Algeria frees key member of banned Islamic party
July 15, 1997
Web posted at: 3:33 p.m. EDT (1933 GMT)
ALGIERS, Algeria (CNN) -- A leading member of Algeria's
banned Islamic Salvation Front (FIS), Abassi Madani, was
released Tuesday on parole. He was less than halfway through
a 12-year prison sentence for undermining state security.
Diplomats called the release a dramatic step but said it was
unlikely to end violence in the North African country.
Algeria has seen a rise in violence since it held multi-party
general elections on June 5, and hundreds of people have been
killed in attacks blamed on Muslim fundamentalists.
The outlawed FIS leadership in Europe described the move as
"a positive act by President Liamine Zeroual and a
contribution to the settlement of the crisis and to the
return of peace."
The statement called for all political prisoners held by
Algerian authorities to be freed, including FIS deputy leader
Sheikh Ali Belhadj.
Madani, 66, was serving a 12-year jail term imposed in 1992
for threatening state security after a strike and riots
preceded Algeria's multi-party general election planned for
Madani charismatic, persuasive speaker
Madani is a charismatic figure who rose to prominence thanks
to his ability to rally support for his cause. He is a
persuasive speaker able to spin slogans that have earned him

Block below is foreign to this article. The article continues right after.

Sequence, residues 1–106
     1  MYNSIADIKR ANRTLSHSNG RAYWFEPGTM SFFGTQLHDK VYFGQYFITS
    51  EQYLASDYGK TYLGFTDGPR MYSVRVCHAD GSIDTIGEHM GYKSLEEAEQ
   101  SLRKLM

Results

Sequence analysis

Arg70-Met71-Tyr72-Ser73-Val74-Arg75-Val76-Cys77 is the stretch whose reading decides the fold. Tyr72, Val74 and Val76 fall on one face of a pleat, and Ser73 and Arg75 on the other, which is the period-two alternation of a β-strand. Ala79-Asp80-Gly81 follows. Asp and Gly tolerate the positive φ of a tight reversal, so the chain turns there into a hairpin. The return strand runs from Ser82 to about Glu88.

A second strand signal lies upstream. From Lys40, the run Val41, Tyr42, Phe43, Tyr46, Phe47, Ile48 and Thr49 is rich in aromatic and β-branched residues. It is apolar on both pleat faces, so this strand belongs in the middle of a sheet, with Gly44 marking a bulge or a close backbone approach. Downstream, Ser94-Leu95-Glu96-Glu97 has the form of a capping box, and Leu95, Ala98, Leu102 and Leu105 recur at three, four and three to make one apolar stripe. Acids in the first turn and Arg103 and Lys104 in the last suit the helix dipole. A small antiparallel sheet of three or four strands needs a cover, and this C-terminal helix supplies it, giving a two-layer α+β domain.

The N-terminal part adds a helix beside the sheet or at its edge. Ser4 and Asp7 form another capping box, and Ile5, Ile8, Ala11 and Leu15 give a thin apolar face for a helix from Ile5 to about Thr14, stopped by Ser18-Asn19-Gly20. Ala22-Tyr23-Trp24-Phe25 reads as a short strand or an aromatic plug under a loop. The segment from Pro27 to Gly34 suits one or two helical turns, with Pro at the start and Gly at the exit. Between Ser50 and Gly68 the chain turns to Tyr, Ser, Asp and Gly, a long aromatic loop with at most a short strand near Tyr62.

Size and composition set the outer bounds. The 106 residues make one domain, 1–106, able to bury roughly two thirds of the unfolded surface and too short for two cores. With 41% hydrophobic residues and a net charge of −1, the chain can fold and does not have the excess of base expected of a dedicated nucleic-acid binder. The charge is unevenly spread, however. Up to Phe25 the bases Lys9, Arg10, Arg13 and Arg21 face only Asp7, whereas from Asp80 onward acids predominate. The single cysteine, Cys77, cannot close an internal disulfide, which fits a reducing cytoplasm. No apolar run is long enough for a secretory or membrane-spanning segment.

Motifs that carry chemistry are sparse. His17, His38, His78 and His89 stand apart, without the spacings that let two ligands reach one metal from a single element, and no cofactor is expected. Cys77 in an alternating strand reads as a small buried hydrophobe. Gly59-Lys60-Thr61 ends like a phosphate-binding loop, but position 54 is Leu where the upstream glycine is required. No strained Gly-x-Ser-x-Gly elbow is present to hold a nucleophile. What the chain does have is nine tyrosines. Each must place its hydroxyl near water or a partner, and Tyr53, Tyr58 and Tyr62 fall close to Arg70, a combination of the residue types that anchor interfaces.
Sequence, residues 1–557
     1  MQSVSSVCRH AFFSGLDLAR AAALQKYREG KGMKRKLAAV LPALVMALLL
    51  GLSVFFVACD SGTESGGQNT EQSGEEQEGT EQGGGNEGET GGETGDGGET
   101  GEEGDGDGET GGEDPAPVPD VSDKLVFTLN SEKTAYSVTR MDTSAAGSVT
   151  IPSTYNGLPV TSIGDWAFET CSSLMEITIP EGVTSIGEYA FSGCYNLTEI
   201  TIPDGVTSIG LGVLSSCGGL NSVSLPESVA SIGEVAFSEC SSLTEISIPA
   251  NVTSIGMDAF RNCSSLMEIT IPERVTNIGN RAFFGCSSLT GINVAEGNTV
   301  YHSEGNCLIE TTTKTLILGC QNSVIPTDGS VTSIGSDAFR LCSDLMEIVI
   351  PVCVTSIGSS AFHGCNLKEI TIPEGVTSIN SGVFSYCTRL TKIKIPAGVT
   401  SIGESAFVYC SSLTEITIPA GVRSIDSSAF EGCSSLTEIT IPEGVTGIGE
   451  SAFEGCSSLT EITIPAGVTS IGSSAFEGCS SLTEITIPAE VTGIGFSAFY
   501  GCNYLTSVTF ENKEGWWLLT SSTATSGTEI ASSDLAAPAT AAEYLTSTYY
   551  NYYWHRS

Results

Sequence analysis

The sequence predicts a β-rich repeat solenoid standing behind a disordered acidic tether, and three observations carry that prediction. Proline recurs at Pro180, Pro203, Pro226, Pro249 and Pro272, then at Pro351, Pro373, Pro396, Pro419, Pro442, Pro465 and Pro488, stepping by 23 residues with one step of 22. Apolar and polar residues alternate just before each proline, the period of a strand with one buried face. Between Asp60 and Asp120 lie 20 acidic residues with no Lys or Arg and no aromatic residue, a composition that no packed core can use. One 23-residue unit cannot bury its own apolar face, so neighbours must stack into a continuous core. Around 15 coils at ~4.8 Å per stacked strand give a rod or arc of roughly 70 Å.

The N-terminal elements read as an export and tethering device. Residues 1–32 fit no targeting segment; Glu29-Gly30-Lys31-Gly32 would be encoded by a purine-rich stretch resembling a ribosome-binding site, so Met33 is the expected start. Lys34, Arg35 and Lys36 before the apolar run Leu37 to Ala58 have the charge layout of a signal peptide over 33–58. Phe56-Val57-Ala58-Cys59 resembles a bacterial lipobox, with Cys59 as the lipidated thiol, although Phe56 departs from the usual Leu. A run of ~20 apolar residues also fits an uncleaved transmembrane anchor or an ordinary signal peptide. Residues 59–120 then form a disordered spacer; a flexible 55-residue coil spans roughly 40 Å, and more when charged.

a large following in Algeria.
His goal through his career has been to overthrow the secular
government he describes as "authoritarian" and to replace it
with the first Islamist regime in North Africa.
In 1954, he was jailed after he attacked the Algiers radio
station on the day Algeria's war of independence against
France erupted. He remained imprisoned throughout the
He rose up the political ladder during riots in October 1988
against one-party rule by the National Liberation Front
(FLN), then took the top spot when the FIS was officially
recognized one year later.
Madani's first electoral victory came in June 1990 during the
first multi-party local elections. He subsequently positioned
himself as the potential successor to then-president Chadli
Madani's call for an "unlimited general strike" in May 1991
to force Bendjedid to call early elections turned quickly
into a showdown with the authorities, with the army declaring
a state of emergency on June 5, 1991, and arresting top
Islamist leaders, including Madani.
Nonetheless, in December 1991 the FIS won the first round of
national legislative elections. The military again stepped
in, suspending the second round that was to have been held in
January 1992. The FIS was outlawed in April 1992.
Reuters contributed to this report.
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